BANKS play a critical role in helping small and medium enterprises (SMEs) gain access to financing. However, in a country whose economy is pumped by the small-scale players like the Philippines, a big number of these enterprises remain unserved.
Metrobank SME head Godofredo V. Cruz revealed that only 19.1 percent of of SMEs in the country have borrowed from the banks.
“As of 2012, there are 944,897 business enterprises in the Philippines. This could have doubled now and MSMEs (including micro) represent 99.6 percent of these enterprises or equivalent to 940,886 MSMEs,” Cruz said in his presentation during the recent Cebu Entrepreneurship and Investment Summit held on Saturday at SM City Cebu.
According to the official, there are several reasons why there remains to be unbanked SMEs. Surprisingly, most of these are a matter of perception—thinking that banks are for the big players only.
First, Cruz said most SMEs are intimated by banks, thinking that these only serve the big businesses and those requiring huge loan amounts.
Others, although aware of available opportunities from the banks, still choose to seek the services of the informal sector like loan sharks. Top reasons, according to Cruz, include the banks’ bothersome financial requirements and the sluggish release of loans, unlike the informal ones that promise immediate access but ask for high interest.
“Banks used to be structured to serve the big businesses. But we have been enlightened two years ago that SMEs hold a big potential,” Cruz said.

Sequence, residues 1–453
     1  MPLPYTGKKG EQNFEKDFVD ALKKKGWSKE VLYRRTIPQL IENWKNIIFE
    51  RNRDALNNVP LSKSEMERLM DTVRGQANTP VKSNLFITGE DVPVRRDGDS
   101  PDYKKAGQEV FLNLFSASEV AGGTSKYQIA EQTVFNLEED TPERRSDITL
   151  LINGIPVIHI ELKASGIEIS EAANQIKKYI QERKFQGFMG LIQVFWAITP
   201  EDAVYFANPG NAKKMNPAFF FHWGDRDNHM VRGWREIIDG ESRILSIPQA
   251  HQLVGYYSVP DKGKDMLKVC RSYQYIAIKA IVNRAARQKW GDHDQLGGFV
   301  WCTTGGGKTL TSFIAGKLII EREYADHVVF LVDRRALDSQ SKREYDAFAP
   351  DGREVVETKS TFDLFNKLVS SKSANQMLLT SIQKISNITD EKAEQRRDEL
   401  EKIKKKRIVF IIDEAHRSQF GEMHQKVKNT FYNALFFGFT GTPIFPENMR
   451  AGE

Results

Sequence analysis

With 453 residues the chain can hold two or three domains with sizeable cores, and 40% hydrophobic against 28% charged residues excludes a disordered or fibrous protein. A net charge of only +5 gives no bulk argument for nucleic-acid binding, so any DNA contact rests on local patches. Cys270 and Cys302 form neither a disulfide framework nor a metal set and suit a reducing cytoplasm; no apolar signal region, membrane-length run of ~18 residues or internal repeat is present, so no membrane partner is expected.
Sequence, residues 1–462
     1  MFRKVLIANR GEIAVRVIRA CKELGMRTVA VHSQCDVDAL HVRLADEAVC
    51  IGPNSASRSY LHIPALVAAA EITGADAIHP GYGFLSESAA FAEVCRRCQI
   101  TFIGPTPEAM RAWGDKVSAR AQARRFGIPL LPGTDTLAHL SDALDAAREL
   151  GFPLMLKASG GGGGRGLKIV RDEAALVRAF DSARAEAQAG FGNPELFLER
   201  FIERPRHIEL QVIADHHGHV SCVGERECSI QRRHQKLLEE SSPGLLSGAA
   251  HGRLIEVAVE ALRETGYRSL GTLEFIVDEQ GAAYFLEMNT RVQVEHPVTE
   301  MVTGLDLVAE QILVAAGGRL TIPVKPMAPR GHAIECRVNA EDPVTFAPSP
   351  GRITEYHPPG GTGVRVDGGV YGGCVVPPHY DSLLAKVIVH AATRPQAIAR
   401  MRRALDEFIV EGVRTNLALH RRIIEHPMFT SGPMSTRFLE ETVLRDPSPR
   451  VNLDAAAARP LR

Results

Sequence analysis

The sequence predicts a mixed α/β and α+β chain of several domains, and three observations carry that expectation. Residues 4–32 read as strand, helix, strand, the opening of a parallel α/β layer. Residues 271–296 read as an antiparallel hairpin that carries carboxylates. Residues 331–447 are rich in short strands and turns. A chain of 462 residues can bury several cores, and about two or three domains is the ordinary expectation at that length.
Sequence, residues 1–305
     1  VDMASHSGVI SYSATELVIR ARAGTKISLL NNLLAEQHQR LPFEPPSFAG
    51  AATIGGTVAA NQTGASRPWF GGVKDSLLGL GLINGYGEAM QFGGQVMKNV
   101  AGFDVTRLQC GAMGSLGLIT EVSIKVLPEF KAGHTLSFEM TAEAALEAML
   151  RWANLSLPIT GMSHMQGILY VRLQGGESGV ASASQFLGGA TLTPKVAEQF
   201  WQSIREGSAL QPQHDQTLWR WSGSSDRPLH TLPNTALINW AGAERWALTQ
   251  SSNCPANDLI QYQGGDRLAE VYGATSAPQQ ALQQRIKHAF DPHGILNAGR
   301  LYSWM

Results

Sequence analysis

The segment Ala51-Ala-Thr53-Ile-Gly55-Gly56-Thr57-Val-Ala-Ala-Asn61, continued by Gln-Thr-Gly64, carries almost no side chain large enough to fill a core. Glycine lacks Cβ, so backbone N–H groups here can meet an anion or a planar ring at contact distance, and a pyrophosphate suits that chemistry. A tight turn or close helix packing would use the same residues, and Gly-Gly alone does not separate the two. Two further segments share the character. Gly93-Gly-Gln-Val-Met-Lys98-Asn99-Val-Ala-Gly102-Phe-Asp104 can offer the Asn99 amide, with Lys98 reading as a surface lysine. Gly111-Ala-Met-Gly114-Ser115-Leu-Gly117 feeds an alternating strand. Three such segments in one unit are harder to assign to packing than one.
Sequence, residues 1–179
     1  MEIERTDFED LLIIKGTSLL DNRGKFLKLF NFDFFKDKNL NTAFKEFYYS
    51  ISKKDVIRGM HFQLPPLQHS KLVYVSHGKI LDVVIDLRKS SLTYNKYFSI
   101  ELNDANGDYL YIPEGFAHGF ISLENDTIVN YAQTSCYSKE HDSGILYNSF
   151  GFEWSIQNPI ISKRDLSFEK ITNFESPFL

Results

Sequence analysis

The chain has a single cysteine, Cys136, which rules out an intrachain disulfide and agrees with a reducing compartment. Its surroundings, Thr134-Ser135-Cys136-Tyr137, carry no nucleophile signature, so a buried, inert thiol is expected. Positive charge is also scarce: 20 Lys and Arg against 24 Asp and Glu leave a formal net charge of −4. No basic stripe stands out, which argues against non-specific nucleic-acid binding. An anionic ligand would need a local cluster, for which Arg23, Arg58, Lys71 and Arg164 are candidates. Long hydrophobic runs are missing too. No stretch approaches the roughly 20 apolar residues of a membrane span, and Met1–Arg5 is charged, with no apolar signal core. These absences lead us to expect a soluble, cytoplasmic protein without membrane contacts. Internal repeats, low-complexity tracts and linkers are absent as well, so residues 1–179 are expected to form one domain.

It was two years ago when Metrobank SME was established, a special segment to serve the country’s SMEs.
According to the official, the bank offers three SME loan products, namely: the SME Puhunan Loan which can be used by manufacturers, distributors, traders, exporters and contractors to finance their working capital requirements, the SME Agri Business Loan to finance projects like contract growing for poultry or hogs, fish and aqualture production, and crop production and trading among others, and the Franchise Financing for those who are interested to become franchisees.
For this year, Metrobank SME has allocated an incremental budget of P3 billion for these types of loans. Fifty-one percent of the amount has already been used.
Through Metrobank SME, one can borrow for a minimum of P1 million up to P20 million, subject to existing credit policies.
Since it was estabslihed, Metrobank SME has served 3,400 accounts and around 600 enterprises were serviced as of April this year.
In the Philippines, 32 percent of the gross domestic product is generated by MSMEs. Central Visayas has the fourth largest population of these enterprises based on the country’s 2012 data at 65,637.
As defined by Republic Act 9501 or the Magna Carta for MSMEs, micro enterprises have an asset size of up to P3 million, small enterprises have assets worth P3 million to P15 million, while medium enterprises have an asset size of P15 million to P100 million.
Large enterprises in the country represent 0.4 percent of the total number of business enterprises in the country.
Banks, under the law, are required to allocate eight percent of their total loan portfolio to micro and small enterprises, while two percent for medium enterprises.
Cruz said the creation of Metrobank SME is not only a form of compliance to the law, but the bank’s commitment to further the growth of SMEs.